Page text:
7) Move your feet forwards as described above until your right leg catches up to your hands.

At this point the horse's hoof will now be resting on your right thigh and you can now walk the leg backwards supporting it with both hands and your right leg.

This will also keep you safest as you can keep hold of the foot for that fraction of a second, allowing you time to swivel out of the way if the horse does lash out.

The above is not to try to frighten you...

It is just a careful method you can use to prevent yourself getting injured, but there are many horses that you will not need to exercise this level of caution with.

Hopefully you own one of those.

Here's a Video Example of How to do This...

As with the front feet, there are some tips that will help you with this:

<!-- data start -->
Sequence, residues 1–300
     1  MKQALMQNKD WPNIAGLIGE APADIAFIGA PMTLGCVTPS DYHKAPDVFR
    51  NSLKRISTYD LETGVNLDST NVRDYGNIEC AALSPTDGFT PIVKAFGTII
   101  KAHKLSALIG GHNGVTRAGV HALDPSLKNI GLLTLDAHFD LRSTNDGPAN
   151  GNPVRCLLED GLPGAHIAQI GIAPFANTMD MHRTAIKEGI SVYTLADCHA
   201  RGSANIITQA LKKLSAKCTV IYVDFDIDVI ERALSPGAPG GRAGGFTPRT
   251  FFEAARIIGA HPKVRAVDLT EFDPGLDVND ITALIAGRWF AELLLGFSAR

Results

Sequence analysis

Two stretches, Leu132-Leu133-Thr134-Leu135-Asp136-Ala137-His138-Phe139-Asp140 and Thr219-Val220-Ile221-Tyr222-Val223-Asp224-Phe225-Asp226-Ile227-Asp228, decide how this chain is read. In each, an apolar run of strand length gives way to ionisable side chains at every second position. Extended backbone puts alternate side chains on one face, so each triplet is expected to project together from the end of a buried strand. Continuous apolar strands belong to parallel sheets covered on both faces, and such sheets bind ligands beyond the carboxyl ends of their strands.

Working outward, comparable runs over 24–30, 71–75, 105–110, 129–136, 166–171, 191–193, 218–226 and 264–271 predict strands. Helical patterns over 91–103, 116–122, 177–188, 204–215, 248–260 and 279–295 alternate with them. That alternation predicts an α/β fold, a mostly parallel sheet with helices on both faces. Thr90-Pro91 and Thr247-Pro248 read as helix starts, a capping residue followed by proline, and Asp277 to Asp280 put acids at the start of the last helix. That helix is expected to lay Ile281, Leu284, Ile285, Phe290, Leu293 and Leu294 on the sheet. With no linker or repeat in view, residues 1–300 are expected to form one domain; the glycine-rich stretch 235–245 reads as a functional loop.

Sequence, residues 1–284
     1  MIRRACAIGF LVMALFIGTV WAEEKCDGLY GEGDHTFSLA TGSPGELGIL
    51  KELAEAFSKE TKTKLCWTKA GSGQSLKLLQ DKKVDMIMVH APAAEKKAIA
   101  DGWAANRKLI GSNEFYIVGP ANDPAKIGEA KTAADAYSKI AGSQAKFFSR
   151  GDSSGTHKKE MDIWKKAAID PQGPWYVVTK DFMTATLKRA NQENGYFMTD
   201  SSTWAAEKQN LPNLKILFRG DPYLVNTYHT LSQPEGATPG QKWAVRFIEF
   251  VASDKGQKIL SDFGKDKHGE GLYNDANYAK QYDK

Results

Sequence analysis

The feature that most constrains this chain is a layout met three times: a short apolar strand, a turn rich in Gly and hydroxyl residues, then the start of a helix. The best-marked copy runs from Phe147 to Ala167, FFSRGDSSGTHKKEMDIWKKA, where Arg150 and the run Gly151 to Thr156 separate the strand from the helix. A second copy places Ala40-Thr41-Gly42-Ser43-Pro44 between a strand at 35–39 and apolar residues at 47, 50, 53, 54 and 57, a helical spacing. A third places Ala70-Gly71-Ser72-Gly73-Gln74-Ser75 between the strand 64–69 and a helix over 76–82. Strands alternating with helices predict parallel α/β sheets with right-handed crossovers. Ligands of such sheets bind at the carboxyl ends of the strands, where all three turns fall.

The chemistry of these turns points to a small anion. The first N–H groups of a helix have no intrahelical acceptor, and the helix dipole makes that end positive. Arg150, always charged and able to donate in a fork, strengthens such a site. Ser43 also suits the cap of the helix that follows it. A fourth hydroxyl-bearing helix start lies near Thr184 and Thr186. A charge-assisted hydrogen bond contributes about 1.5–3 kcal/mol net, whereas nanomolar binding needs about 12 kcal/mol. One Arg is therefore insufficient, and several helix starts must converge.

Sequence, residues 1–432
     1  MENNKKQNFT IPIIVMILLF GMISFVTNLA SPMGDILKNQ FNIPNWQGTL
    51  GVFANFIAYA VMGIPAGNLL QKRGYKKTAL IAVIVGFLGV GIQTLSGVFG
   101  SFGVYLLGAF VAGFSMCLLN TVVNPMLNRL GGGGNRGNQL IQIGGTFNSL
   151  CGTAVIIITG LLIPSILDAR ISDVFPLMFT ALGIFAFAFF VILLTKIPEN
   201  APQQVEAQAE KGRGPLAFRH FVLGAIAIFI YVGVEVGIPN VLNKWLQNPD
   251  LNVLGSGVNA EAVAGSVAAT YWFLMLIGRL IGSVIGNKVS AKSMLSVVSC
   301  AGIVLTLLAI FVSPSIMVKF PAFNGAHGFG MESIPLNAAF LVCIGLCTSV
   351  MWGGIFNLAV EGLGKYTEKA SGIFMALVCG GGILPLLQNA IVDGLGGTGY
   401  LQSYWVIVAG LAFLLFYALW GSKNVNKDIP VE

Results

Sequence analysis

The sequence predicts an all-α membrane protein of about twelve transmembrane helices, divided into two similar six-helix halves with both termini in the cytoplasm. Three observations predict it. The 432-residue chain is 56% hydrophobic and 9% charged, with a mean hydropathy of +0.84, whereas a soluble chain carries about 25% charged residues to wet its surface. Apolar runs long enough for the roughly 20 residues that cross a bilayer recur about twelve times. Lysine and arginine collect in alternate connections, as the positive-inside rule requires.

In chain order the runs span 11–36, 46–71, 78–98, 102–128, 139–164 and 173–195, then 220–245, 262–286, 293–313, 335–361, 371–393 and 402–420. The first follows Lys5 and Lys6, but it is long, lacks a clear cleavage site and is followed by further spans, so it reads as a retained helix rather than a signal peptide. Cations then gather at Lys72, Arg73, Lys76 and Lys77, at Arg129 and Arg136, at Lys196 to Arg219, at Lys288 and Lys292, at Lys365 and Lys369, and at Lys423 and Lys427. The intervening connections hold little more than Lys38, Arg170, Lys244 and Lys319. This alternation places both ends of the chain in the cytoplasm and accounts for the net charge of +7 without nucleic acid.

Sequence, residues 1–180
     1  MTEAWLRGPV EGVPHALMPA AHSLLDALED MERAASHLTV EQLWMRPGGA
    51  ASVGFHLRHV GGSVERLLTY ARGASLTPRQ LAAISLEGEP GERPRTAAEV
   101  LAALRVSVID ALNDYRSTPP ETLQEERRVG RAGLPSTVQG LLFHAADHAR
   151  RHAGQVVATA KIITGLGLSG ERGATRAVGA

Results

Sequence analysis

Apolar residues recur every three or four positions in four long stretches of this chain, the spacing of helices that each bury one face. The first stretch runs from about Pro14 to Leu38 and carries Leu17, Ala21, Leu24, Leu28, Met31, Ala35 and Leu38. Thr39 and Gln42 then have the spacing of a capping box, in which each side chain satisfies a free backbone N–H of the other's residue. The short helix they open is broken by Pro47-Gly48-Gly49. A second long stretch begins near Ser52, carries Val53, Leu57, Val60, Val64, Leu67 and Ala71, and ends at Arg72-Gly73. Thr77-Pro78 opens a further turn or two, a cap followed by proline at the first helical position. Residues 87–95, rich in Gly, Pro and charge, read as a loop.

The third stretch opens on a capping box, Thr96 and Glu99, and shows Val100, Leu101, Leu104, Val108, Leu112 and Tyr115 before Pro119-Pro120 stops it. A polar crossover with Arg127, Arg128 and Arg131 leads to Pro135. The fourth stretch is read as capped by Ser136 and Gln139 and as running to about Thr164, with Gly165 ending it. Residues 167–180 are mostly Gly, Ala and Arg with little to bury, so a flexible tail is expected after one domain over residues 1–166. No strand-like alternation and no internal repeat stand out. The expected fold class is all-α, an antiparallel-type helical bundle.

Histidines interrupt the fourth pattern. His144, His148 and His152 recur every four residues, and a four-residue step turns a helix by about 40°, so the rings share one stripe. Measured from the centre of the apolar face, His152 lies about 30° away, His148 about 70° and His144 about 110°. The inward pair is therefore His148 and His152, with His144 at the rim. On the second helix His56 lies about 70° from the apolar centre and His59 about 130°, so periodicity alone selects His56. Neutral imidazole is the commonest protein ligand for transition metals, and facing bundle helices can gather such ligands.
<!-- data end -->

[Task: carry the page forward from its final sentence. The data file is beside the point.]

Tip 1:

Let the horse rest often by putting its foot back on the ground.

Tip 2:

Put down the foot before the horse tries to get free of you.

Tip 3:

If it tries in a half-hearted way to pull its foot from your grasp immediately, then keep a hold and keep the foot on your right thigh till it stops struggling.

Then put the foot down and start again after half a minute or so.

In this way the horse never feels trapped and is more likely to let you keep a hold of its foot.

Tip 4:

Look for injuries in the other leg and also back, neck, etc, if it is struggling to keep a foot off the ground.

And that’s the how-to of picking up a horse’s hoof...

Now it's time to throw the ball back in to your court.

Can you answer the following 2 questions in a comment below…

  1. What is your number 1 take-away from the above tips?
    IE. What above helped you the most.
  2. And what do you most struggle with when handling your horse?

Get involved and let us know.

Till next time.



Got questions, comments or feedback! Then have your say in the box below...
Share this page:
Enjoy this page? Please pay it forward. Here's how...

Would you prefer to share this page with others by linking to it?

  1. Click on the HTML link code below.
  2. Copy and paste it, adding a note of your own, into your blog, a Web page, forums, a blog comment, your Facebook account, or anywhere that someone would find this page valuable.